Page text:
Feds evacuate workers at Hanford nuclear site

Randall Padilla
May 10, 2017

A portion of an underground tunnel containing rail cars filled with radioactive waste collapsed Tuesday at a sprawling storage facility in a remote area of Washington state, forcing an evacuation of some workers at the site that made plutonium for nuclear weapons for decades after World War II.

The Energy Department said on Twitter that Secretary Rick Perry had been briefed on the incident, everyone was accounted for and there was no initial indication of worker exposure or airborne radiological release.

Crews are still monitoring for contamination, but have not yet found any indication that contamination was released in the cave-in.

[Alvarez] said that the rail cars carry spent fuel from a reactor area along the river to the chemical processing facility, which then extracts risky plutonium and uranium.

A spokesman for the Washington Emergency Management Division said the state Emergency Operations Centre has been activated.

Lori A.in the Hanford site Emergency Information office said that approximately 3,000 employees are now affected by the "take cover" order, which was initiated starting at about 8:30 this morning. All on-site workers have been told to "take cover" while the U.S. Department of Energy issues further directives for standard emergency protocol operations. Some were ordered to evacuate immediately while others were told to shelter-in-place as officials investigated the situation.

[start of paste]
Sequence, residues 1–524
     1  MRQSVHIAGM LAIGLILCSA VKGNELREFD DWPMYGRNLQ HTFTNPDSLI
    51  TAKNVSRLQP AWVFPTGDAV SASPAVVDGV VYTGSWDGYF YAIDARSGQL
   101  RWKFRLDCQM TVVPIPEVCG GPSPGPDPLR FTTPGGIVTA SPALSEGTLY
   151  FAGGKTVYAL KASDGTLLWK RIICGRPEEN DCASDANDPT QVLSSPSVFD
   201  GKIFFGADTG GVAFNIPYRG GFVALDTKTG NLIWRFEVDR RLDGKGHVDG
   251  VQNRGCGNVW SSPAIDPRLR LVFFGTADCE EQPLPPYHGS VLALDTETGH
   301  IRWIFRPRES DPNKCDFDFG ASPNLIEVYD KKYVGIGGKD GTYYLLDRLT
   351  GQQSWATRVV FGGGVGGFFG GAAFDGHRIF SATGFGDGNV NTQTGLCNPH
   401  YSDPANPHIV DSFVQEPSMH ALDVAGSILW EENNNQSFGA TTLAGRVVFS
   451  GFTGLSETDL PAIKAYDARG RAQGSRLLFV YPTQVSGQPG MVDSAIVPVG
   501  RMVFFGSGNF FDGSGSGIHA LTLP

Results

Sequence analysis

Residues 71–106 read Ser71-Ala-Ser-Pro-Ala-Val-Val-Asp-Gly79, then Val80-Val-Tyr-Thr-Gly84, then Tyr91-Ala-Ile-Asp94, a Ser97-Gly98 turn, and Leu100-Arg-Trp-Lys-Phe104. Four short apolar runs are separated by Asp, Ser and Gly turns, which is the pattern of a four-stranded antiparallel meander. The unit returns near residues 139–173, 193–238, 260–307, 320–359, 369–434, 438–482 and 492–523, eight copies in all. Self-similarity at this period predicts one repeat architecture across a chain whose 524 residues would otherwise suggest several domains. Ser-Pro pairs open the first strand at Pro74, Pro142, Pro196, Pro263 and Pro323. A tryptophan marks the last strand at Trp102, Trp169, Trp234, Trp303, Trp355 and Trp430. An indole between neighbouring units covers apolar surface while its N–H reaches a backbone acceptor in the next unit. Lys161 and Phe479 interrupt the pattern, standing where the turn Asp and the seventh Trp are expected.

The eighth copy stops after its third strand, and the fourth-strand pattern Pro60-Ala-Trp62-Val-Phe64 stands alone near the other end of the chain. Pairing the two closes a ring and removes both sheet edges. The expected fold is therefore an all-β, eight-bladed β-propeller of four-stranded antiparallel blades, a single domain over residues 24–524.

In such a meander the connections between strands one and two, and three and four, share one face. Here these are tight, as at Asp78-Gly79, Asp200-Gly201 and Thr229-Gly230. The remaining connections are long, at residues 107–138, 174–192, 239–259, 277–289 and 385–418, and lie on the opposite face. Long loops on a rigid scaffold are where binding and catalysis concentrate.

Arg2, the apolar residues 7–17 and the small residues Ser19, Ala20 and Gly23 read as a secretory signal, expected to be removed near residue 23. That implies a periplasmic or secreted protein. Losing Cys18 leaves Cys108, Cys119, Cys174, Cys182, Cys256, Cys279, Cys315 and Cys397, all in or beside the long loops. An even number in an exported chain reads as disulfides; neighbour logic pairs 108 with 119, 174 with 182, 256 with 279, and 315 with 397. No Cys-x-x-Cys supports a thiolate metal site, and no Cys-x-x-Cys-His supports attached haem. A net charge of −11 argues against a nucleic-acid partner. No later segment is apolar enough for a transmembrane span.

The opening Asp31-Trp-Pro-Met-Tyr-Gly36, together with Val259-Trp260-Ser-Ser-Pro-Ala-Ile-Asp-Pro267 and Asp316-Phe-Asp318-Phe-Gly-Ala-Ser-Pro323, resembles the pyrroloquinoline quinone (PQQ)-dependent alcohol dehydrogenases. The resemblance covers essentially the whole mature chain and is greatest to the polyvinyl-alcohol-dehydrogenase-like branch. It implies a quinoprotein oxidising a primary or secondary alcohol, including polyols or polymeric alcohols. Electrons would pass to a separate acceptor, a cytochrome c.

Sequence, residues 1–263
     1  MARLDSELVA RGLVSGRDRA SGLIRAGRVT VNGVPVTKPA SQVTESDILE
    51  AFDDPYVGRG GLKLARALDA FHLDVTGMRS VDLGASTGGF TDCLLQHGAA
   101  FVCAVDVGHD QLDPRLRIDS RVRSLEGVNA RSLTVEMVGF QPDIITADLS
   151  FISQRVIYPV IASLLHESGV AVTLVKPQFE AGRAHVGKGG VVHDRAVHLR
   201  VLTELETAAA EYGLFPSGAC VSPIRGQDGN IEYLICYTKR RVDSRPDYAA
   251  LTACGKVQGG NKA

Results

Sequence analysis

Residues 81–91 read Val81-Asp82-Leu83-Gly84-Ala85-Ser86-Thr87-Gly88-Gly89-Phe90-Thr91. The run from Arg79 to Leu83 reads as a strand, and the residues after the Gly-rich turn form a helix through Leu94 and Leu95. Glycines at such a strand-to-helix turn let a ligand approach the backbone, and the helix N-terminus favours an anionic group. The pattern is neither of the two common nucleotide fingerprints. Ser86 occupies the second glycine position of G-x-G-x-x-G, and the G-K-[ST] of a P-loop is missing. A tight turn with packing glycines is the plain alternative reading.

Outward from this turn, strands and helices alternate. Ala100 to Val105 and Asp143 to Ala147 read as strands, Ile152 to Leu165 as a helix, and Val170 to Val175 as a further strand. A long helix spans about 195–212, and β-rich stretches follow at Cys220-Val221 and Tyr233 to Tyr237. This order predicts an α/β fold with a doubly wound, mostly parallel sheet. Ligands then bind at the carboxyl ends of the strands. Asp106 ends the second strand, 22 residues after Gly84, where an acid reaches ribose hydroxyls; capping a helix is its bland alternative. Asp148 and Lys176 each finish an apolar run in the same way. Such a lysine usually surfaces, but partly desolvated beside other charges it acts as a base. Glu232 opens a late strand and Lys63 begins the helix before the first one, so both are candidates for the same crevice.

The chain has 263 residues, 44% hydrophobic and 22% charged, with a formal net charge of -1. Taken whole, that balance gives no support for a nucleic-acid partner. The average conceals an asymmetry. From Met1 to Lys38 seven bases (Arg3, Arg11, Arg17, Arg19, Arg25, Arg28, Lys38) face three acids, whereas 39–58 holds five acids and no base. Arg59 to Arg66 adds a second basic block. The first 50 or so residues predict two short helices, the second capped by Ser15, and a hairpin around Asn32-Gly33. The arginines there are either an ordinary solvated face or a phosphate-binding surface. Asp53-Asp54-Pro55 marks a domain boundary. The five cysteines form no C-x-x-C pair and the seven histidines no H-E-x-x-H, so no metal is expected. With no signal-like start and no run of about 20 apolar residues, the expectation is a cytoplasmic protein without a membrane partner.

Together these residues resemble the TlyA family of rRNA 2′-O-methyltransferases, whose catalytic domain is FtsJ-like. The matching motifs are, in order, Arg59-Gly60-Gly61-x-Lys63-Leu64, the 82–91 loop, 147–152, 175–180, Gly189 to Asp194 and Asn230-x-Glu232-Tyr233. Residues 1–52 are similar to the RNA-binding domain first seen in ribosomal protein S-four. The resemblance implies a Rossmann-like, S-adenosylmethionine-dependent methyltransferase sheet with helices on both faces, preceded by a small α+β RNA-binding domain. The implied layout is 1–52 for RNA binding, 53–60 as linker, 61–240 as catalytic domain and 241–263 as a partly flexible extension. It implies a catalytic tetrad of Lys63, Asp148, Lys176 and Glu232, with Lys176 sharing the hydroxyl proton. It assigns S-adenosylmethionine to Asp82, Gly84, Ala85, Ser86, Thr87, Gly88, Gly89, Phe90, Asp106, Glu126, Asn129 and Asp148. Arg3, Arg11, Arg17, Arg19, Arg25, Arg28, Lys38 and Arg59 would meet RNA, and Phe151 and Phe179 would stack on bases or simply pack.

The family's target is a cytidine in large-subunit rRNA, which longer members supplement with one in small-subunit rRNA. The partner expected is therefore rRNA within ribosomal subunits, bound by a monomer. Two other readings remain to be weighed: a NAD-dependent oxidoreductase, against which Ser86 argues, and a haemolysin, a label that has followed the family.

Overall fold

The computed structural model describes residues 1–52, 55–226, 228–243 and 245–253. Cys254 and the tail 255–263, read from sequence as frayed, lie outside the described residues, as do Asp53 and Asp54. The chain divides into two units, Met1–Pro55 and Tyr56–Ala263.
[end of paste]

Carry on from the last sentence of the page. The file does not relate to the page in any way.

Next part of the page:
"The subsidence of soil was discovered during a routine surveillance of the area by workers", it said.

"The roof had caved in, about a 20-foot section of that tunnel, which is about a hundred feet long", he said. The TALON device allows crews to safely survey potential areas of contamination from a distance of up to ½ mile.

Tom Carpenter, executive director of Hanford Challenge, a non-profit that monitors the nuclear reservation said plutonium has already been detected in local fish stocks and worries that if changes don't come soon, wild salmon stocks could be next.

The agency says it is too early to say what caused the cave-in. "The tunnels contain contaminated materials". The risky plutonium and uranium is then extracted.

Facility personnel have been evacuated, the statement says.

They were also instructed to "take cover" at the site located in Hanford, south-central Washington.

The PUREX plant has been vacant for almost 20 years, according to the Hanford Site website, but remains "highly contaminated" after housing operations to chemically process irradiated fuel rods to recover the plutonium contained within them.

As part of the huge, ongoing cleanup, rail cars full of radioactive waste were often driven into tunnels and buried.

Other reports by AllAboutTopnews

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